rather, it is important that we learn some important lessons and practices from our experience with the preliminary arrangements for the summit.

first, dhaka city needs to be beautified, but such an effort cannot be confined to simply the vip roads that are used by the elite. the beautification effort needs to be coordinated, preferably in line with a long-term masterplan that will outline the development of all areas of the city. such a masterplan needs to be inclusive of not only beautification, but also infrastructure maintenance, so that all roads are properly paved and pothole-free. the masterplan should also consider the expansion of the most frequently used roads, and even incorporate the use of alternate routes and one-way streets. this is particularly necessary considering the massive expenditure that is being incurred through the development of flyovers and bypasses. dhaka city cannot afford to look a mid-nineteenth century slum anymore – rather, it should resemble the young metropolis of the twenty-first century that it really is.

second, the value of private sector involvement in any such effort cannot be ignored. the existing beautification has been largely spearheaded by the private sector, albeit in a disturbingly forceful way – in early 2005, the government told large companies that they had to take responsibility for the beautification, since it was part of their social and environmental responsibility to the community. while the approach itself may not be ideal, it illustrates two critical ideas: one, that the government lacked the resources to conduct an operation of this scale, but was not afraid to ask (or order) the private sector for their help; and two, that the private sector is actually willing to participate in such initiatives with a view to increasing sales through free advertisements. true, it does get boring seeing every square inch of road blocked off by dhaka bank and grameenphone ads, but at least there are trees and fresh air, and not just a growing cloud of vehicular smoke.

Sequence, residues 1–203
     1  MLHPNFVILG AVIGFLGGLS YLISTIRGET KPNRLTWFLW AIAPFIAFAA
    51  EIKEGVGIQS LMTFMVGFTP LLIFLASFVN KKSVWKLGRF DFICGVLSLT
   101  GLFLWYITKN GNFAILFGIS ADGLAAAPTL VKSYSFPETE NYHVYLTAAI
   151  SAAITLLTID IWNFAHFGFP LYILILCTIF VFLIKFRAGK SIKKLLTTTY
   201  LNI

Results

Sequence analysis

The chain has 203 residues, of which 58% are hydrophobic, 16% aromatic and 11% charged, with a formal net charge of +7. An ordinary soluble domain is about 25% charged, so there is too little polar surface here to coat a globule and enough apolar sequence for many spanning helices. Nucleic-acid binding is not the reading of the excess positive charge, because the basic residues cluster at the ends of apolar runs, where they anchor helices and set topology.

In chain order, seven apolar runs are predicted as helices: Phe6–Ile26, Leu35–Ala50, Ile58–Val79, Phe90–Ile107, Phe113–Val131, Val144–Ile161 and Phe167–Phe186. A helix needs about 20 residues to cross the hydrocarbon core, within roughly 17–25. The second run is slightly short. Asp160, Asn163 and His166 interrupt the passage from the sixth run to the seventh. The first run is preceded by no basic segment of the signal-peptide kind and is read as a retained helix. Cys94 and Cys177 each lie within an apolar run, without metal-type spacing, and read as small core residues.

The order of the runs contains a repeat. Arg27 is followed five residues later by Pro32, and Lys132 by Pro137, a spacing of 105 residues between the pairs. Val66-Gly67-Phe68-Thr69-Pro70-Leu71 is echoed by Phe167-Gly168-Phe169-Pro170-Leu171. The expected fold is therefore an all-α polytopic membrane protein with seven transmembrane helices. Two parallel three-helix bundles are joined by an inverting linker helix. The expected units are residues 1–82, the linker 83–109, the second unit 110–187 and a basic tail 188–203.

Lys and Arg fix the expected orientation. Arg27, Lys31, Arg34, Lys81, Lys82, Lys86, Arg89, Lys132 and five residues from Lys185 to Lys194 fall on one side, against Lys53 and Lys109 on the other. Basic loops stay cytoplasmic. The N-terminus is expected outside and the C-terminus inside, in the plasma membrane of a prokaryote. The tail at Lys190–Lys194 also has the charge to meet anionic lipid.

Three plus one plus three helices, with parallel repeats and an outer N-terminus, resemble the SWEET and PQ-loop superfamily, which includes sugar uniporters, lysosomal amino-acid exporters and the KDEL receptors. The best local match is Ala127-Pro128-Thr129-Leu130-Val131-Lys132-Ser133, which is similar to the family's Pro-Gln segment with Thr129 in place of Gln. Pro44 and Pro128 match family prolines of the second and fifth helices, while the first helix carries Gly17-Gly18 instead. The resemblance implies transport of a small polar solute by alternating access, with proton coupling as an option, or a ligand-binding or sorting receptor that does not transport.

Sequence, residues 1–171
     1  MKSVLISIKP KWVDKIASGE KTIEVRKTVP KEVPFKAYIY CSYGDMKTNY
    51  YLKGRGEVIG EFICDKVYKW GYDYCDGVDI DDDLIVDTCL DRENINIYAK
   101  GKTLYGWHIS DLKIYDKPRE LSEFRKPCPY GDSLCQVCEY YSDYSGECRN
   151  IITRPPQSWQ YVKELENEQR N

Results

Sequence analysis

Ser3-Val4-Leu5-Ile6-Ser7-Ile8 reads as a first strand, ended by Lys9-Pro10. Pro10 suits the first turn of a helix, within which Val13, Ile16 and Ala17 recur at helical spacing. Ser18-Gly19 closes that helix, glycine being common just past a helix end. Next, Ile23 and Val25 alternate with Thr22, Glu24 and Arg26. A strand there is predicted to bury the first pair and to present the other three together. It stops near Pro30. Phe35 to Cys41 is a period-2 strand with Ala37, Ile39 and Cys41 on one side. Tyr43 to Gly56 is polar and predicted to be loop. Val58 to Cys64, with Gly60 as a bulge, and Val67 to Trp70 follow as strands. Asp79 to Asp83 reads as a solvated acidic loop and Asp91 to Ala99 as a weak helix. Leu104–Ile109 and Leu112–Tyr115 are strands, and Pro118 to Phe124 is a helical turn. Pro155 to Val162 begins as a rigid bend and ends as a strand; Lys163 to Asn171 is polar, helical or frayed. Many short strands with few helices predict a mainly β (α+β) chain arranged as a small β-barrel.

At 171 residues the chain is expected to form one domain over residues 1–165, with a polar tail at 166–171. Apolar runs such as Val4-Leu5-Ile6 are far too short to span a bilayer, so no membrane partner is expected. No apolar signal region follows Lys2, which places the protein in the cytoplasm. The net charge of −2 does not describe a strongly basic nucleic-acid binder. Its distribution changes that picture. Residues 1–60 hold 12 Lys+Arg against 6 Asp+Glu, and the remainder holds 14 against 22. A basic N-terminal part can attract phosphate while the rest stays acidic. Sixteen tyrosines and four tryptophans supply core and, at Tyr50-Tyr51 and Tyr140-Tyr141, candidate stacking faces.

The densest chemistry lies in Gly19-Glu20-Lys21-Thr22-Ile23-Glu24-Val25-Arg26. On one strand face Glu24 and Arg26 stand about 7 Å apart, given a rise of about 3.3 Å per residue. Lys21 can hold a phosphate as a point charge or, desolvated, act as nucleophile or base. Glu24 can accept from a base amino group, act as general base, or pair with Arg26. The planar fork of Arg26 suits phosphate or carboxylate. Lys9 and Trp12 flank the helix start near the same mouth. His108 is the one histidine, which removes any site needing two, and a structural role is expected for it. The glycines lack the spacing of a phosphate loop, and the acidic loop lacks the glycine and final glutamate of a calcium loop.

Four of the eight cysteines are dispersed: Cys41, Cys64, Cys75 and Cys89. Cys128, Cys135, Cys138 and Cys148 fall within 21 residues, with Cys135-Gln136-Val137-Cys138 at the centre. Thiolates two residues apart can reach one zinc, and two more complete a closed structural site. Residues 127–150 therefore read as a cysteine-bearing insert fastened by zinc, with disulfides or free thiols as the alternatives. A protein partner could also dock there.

third, with the saarc summit looming on the horizon and the preparations in full swing, the government must realize that they have a valuable opportunity to make some positive changes, and that such an opportunity should not be squandered. approximately 30,000 more defense personnel are now posted in dhaka to ensure fool-proof security, and the perceived threat of these individuals, particularly of the army, can be used to maximum benefit to enforce laws that are seldom implemented. for instance, the armed contingent should team up with the anti-corruption commission, or whatever it’s being called these days, to apprehend the most corrupt officials and the people who bribe them. or the army can be deployed to punish violators of another golden international rule – when the traffic signal turns orange, prepare to stop. believe it or not, most people view the yellow signal as a sign to honk their horns louder, or accelerate faster, so that they can cross the intersection before it turns red. this is done even if the car is several cars behind the intersection. the fact of the matter is that dhakaites of every persuasion are equally afraid of the army, because they are notorious for being unbribable and brutal. i’m not asking the army to be brutal and ruthless and punish everybody of every imaginable crime; rather, i’m asking the government to use this inherent fear for the benefit of the country.